Capture the Fall Colors
Rating: 10 / 10It's a time of year when landscape photographers feel their adrenalin pumping, awaiting the arrival of reds, yellows, oranges and a morning chill in the air.
It’s September. What better topic to share than capturing the colors of autumn. Deciduous trees will soon reach their peak and the sound of shutters will harmonize with the melodic tunes of migrating robins and the whistling of gentle breezes over the soon to descend leaves. It’s a time of year when landscape photographers feel their adrenalin pumping awaiting the arrival of reds, yellows, oranges and a morning chill in the air. If you’ve read this far, capturing nature’s arboreal fireworks is of interest to you. Use the following tips to assist you in getting some keepers about which you’ll feel proud.
© Russ Burden
Details: Don’t overlook the details that appear everywhere. Spend an entire session using nothing but your macro lens. Force yourself to go beyond the obvious gorgeous tree, rolling hillside of color, or iconic S curved river lined with fall color. Try going close to the bank and look for small pockets of still water and capture the reflection on its surface. Find the fallen leaf that sits atop a stone in the river and make an intimate portrait. Slow the shutter down to capture the effect of the water dancing around its perimeter. After spending time at the river bank, go back into the forest and look for details at your feet, at eye level and on the branches. Find a lone leaf dangling from its stem awaiting the inevitable fall to the ground. Incorporate a plain blue sky as the background or play with the depth of field to create a wash of out of focus color from the branches of other trees. Look down on the ground at the leaves that have fallen to find a macro landscape. Look out at eye level for a leaf that may have gotten lodged in a section of bark. Move in close to tell a macro story. You may wind up with so many winners that you keep the macro lens on for more than one session.
© Russ Burden
Contrasting Color: Colors found on opposite sides of a color wheel are great to incorporate into a composition. If you’re familiar with the color wheel, blue and yellow are opposites. Talk about an autumn match made in heaven. The crisp clear blue sky days of autumn integrated with the fall color of yellow - it doesn’t get much better. In that red and orange are in the same color family as yellow, it’s no wonder why fall foliage set against a clear blue sky works so well. Try deepening the blue of the sky with a polarizer. Not only will it enhance the sky, it will remove any glare from the leaves allowing more saturated color to come through. Try to work at right angles to the sun so the polarizer has its maximum impact. If you feel the sun squarely warming either of your cheeks, you’re in the right position. If the sun is in your eyes or hitting the back of your head, the polarizer will have little or no effect. Create compositions that have balance. Simply including blue sky and yellow foliage doesn’t produce a winner. If the sky lacks interesting clouds, try to minimize it and include just a sliver of the blue at the top of the frame.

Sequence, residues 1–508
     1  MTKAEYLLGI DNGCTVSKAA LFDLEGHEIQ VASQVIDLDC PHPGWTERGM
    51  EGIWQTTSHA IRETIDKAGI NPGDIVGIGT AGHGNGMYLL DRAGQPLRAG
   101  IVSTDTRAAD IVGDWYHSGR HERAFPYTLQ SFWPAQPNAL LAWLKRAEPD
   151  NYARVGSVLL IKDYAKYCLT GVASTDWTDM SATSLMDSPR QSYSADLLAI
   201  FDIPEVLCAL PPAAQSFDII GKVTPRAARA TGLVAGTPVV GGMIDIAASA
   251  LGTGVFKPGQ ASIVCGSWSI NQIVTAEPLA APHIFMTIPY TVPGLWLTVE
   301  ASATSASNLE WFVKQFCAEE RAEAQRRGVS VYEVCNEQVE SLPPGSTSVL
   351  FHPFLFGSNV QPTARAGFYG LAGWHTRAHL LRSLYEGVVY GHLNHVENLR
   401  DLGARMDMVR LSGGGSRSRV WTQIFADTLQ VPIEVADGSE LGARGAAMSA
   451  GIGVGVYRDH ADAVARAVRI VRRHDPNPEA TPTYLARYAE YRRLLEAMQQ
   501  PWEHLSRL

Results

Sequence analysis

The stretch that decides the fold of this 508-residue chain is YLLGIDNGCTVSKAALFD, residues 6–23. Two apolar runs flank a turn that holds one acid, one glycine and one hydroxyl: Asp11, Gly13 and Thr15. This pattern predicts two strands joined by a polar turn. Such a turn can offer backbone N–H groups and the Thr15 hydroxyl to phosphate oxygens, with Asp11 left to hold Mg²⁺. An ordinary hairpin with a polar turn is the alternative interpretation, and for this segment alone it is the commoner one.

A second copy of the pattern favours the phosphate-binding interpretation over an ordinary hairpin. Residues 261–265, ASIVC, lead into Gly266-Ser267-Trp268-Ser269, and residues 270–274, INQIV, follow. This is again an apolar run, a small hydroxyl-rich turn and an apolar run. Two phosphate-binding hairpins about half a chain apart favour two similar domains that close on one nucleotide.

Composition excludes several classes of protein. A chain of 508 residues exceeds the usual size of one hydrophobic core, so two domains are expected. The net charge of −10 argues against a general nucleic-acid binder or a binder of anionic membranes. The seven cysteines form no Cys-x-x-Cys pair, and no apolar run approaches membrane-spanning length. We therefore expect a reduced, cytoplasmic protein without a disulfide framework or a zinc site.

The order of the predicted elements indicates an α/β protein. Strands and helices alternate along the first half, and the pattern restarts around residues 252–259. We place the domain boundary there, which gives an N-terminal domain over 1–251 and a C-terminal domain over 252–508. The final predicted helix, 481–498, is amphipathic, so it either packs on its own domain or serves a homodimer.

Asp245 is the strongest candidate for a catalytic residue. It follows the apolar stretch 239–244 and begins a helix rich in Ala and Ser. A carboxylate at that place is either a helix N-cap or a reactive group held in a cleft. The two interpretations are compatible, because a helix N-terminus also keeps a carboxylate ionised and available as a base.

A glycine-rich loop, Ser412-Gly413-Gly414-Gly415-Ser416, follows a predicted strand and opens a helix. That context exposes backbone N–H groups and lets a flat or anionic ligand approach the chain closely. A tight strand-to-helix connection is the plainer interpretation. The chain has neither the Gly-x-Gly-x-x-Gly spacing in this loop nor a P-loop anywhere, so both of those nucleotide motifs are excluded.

© Russ Burden
Tranquility: To me, fall is a time of tranquility. In that this is my view, I try to create images that portray this feeling. Before you go out into the field, make a list of adjectives of what autumn means to you and tape it to the back of your camera. Look for compositions that illustrate the words. Going into the shoot with a certain feeling increases the potential to come out with better images in that you’re focused on what you want to capture. There are two schools of thought going into the shoot. Some photographers not only create a list of adjectives, they go one step farther and make a shot list for each word. If this is your style go for it. On the other hand, some photographers feel that the previous tactic places too much pressure to find specific images which disallows an open thought process to just go out and photograph the adjectives. Regardless of your strategy, let what you feel encourage you to make the best possible images. I look for tranquility in a peaceful S curve of a country road or line of fallen leaves, a slow moving river, a falling leaf captured in mid air, or a quiet reflection on a still morning. Let your feelings take you to whatever images you want to create and simply go out and have some fun bringing home some great fall captures.
© Russ Burden
To learn more about this topic, join me on one of my Nature Photography Tours. Visit www.russburdenphotography.com and click on the NATURE PHOTO TOURS button for more information. Also, pick up a copy of my book, Amphoto’s Complete Book of Photography. To purchase a signed copy, contact me at email@example.com.